FIG. 2 illustrates an adaptation of the concept to a trailer brake system C. In this arrangement, a pair of single check valves 80, 82 are added along with line 84 and fitting 86. The first check valve 80 is interposed between reservoir 90 and an ABS modulating valve 92 that communicates with the trailer brakes. In addition, the second single check valve 82, along with the associated line 84, are interconnected with the air suspension assembly. Common line 100 communicates with each air spring reservoir 102. In the event of a trailer reservoir or charging system failure, the anti-lock module 92 is supplied compressed air from the air springs. The check valve 80 between the reservoir and the modulating valve 92 protects the air spring reservoirs from draining out the failed reservoir.
In the event of an air suspension failure, the check valve 82 located between the air suspension system and the modulating valve protects the trailer reservoir 90. Thus, desired air pressure is provided to the brake chambers 104 associated with the wheels of the trailer either from the trailer reservoir or, in an emergency or backup mode, from the trailer air suspension assembly.
Enhanced redundancy could lead to increased safety in air brake vehicles by using the air spring suspensions to effectively create an additional backup reservoir for use in the event of a primary reservoir or trailer system reservoir failure. Existing heavy vehicle hardware, i.e., the conventional brake system and suspension air springs, can be easily modified to selectively use the combined volume of the air springs to create a low cost backup reservoir. The system is cost effective in that it requires one additional (high capacity) double-check valve and minor plumbing modifications to implement on typical tractors. In trailers, the system would require two additional single check valves and additional plumbing hardware.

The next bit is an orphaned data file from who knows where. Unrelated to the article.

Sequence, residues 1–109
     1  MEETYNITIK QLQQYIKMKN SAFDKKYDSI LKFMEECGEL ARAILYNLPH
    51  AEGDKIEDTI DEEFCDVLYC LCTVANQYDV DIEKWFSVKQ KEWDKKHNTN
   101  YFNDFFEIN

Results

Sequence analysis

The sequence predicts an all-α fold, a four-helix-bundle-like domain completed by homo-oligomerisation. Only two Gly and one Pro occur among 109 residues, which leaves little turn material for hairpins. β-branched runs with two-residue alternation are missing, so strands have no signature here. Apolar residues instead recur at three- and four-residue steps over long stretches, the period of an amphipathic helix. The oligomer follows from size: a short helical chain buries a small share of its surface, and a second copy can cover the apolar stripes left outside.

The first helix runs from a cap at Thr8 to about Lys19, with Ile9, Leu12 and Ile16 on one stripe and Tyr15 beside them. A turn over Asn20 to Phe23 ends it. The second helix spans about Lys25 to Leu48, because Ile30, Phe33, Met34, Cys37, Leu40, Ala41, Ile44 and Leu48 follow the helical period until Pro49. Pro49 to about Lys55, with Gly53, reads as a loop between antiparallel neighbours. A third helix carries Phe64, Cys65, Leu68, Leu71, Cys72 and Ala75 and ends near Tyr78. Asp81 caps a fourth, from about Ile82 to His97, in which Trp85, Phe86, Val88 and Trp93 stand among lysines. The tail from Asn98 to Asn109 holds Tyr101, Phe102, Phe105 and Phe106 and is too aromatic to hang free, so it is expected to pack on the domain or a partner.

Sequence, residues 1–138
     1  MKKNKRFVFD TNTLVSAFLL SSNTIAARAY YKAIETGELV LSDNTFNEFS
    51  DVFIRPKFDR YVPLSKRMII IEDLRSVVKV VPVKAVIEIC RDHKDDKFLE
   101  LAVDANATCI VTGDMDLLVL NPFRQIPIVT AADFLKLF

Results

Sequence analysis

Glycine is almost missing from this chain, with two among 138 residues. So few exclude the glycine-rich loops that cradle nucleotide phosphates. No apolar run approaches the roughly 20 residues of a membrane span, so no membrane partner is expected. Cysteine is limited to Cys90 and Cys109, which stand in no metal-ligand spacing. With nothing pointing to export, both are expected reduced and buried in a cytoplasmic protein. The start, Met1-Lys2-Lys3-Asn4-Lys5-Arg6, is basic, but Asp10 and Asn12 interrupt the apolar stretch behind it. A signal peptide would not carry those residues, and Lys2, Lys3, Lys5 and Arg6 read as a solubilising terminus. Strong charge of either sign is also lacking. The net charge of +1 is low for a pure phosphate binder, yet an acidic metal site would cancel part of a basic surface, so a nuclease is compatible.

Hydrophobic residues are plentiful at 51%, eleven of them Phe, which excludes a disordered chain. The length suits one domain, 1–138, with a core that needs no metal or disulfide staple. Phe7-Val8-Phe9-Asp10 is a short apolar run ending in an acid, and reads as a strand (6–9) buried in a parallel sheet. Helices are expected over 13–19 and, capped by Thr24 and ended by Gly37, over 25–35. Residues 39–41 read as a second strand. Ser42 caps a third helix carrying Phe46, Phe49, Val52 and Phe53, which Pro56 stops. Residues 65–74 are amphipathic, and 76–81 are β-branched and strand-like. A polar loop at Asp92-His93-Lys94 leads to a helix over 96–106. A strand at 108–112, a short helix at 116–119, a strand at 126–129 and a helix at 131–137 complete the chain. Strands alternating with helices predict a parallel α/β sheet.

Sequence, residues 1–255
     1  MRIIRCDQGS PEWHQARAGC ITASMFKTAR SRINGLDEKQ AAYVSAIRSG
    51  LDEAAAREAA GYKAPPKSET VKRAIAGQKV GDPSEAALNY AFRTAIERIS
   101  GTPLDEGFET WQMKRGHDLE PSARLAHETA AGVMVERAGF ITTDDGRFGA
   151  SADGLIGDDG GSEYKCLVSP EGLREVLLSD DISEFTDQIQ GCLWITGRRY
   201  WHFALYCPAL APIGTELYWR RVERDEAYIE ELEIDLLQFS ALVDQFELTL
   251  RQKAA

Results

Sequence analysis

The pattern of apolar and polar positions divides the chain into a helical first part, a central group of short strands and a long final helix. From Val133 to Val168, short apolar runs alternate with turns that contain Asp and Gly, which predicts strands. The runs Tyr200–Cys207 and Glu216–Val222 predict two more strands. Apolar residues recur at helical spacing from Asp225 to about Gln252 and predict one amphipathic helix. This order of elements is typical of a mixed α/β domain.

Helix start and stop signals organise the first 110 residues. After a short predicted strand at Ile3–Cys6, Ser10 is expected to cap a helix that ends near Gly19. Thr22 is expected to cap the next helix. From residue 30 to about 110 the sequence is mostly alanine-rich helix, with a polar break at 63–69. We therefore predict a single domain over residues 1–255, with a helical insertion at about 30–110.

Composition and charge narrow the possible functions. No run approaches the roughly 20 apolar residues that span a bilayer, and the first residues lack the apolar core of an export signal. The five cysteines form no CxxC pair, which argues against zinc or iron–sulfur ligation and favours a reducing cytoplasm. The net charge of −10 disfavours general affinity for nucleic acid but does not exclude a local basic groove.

The invention has been described with reference to the preferred embodiment. Modifications and alterations will occur to others upon a reading and understanding of the present specification. The invention is intended to include all such modifications and alterations insofar as they come within the scope of the appended claims or the equivalents thereof.
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|Citing Patent||Filing date||Publication date||Applicant||Title|
|US7661770||Aug 16, 2006||Feb 16, 2010||Wabtec Holding Corp.||Pneumatic emergency brake assurance module|
|US20090057072 *||Aug 16, 2006||Mar 5, 2009||Wabtec Holding Corp.||Pneumatic emergency brake assurance module|
|EP1859972A1||May 24, 2007||Nov 28, 2007||Iveco Magirus Ag||Pneumatic spring installation for commercial vehicles|
|EP1859973A1||May 24, 2007||Nov 28, 2007||Iveco Magirus Ag||Pneumatic spring installation for commercial vehicles|
|WO2007037818A2 *||Aug 16, 2006||Apr 5, 2007||Robert N Scharpf||Pneumatic emergency brake assurance module|
|U.S. Classification||303/85, 280/124.16, 280/124.157, 280/5.503|
|International Classification||B60T17/18, B60T13/26|
|Cooperative Classification||B60T17/18, B60T13/26|
|European Classification||B60T17/18, B60T13/26|
|Jan 20, 2000||AS||Assignment|
|Jun 9, 2005||REMI||Maintenance fee reminder mailed|
|Nov 21, 2005||LAPS||Lapse for failure to pay maintenance fees|
|Jan 17, 2006||FP||Expired due to failure to pay maintenance fee|
Effective date: 20051120